Christopher Nolan is one of the few directors who can pretty much make any movie he wants. Thanks to the success of unconventional big budget movies such as Interstellar and Inception – and of course The Dark Knight trilogy – Warner Bros. trusts him to deliver. On the surface Dunkirk seems a more straightforward proposition as it’s a World War II movie, but as this is Nolan, he’s not going to make a war film quite like anyone else.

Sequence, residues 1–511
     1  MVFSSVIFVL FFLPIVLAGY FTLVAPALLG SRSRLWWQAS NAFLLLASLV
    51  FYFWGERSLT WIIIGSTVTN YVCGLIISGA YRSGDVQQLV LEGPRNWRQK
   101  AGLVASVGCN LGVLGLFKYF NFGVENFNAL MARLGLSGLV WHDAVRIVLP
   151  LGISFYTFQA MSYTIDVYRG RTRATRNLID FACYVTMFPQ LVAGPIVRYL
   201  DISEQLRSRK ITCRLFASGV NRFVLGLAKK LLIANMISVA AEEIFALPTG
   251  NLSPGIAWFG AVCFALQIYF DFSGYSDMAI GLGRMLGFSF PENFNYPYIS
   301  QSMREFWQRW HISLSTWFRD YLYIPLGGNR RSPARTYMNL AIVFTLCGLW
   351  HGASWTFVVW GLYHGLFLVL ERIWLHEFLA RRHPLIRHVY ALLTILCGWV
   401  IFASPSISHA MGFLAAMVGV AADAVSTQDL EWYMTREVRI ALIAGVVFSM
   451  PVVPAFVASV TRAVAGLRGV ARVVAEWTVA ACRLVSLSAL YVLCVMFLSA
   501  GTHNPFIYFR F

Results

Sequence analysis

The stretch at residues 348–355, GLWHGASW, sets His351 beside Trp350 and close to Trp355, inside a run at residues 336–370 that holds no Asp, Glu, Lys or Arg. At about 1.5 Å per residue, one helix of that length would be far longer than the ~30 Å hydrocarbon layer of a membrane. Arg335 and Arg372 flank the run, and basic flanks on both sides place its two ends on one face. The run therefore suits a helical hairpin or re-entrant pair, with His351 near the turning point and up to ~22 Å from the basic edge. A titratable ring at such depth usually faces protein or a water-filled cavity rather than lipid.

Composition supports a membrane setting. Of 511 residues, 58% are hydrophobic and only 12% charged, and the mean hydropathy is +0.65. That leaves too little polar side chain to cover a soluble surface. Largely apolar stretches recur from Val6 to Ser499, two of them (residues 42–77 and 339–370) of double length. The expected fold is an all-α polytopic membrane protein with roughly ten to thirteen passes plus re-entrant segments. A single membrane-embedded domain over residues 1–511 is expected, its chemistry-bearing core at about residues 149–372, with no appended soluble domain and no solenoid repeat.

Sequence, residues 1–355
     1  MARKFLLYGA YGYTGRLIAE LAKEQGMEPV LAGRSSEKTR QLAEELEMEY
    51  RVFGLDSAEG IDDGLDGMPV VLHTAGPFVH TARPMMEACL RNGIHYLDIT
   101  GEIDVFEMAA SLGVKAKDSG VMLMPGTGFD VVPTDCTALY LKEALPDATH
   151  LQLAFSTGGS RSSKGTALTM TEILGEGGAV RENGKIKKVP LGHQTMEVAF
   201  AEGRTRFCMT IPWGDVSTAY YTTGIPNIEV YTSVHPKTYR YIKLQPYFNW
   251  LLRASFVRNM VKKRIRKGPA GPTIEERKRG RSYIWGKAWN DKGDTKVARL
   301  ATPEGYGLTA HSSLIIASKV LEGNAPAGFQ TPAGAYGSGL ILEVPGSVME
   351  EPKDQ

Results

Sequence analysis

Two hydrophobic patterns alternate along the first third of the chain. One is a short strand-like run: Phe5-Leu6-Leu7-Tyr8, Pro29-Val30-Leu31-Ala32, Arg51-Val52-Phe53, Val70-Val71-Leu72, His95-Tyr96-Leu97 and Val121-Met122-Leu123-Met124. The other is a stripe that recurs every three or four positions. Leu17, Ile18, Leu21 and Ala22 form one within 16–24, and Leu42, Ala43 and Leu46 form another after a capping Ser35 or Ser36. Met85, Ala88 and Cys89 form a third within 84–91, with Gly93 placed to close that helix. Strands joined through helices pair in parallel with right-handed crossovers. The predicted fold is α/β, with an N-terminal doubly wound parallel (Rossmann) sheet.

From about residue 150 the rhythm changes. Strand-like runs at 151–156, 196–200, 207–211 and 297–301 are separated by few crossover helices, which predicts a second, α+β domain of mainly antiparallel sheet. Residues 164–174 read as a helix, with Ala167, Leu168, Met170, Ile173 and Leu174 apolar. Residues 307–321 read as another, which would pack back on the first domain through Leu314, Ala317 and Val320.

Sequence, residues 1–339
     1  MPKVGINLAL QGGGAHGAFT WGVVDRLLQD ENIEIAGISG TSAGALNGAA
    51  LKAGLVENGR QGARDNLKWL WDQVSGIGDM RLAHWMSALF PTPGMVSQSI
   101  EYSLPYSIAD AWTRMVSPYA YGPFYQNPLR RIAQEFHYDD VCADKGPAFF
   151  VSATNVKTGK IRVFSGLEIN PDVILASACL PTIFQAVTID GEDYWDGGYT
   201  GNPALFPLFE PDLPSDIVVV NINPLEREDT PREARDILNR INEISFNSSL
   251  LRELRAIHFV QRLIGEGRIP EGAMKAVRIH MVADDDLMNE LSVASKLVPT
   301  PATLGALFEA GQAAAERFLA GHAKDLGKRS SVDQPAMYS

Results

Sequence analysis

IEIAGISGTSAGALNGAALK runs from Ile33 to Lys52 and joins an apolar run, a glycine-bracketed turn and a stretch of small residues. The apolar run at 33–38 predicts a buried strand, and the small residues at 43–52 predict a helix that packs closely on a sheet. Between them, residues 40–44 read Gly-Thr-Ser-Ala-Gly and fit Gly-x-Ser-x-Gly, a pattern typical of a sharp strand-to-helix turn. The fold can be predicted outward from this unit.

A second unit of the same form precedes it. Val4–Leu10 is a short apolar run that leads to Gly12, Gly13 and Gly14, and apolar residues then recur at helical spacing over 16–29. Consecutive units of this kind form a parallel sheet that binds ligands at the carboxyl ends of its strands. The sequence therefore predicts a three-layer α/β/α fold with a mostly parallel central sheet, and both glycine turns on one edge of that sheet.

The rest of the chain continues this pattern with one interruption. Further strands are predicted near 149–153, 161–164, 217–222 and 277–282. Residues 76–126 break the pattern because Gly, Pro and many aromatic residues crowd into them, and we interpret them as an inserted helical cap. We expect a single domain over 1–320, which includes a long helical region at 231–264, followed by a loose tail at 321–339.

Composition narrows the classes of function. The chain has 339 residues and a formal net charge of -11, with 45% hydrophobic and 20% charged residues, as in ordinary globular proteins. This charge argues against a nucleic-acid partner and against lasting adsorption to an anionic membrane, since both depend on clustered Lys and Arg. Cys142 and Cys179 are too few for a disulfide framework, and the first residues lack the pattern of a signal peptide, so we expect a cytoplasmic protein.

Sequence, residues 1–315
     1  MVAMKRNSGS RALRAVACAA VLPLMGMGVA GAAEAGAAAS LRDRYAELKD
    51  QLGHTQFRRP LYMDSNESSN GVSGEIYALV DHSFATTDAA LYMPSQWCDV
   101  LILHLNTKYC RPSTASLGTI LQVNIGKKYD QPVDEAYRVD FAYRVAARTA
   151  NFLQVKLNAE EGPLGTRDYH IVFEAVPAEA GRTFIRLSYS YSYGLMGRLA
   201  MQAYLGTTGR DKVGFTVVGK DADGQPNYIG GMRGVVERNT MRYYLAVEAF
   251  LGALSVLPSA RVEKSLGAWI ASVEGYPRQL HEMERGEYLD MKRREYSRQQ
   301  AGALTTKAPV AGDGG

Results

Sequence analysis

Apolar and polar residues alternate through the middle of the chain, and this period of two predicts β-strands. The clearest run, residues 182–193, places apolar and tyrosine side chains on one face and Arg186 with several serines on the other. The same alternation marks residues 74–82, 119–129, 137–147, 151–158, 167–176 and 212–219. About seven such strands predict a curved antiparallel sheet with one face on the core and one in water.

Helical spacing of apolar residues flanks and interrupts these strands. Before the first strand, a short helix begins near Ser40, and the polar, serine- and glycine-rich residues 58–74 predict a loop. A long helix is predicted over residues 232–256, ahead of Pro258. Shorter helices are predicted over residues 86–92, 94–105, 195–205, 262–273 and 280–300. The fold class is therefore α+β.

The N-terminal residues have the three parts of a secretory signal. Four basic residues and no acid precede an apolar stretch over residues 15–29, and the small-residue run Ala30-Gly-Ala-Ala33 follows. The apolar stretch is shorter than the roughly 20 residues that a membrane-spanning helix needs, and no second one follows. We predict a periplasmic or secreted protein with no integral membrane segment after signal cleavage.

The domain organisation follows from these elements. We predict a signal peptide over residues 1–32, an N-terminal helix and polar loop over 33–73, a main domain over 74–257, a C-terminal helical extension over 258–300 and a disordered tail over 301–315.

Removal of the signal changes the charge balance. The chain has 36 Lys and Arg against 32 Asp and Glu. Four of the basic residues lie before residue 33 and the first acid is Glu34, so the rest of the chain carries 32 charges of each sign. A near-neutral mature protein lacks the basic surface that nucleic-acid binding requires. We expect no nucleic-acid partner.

For a start there’s remarkably little dialogue and while there are main characters, we learn comparatively little about them. Likewise, while it’s about an incredibly famous event, it’s not interested in being an exposition-heavy historical overview, complete with officers pushing little boats around a war-room map to explain to us what’s going on. Instead it’s a film that wants to create a sense of realism about the events it’s talking about. It also has an almost puzzle-box nature – three intercut stories each taking place at a slightly different time – helping to create a sense of the chaos and uncertainty for those caught up in the events of late Spring 1940. [Read more…]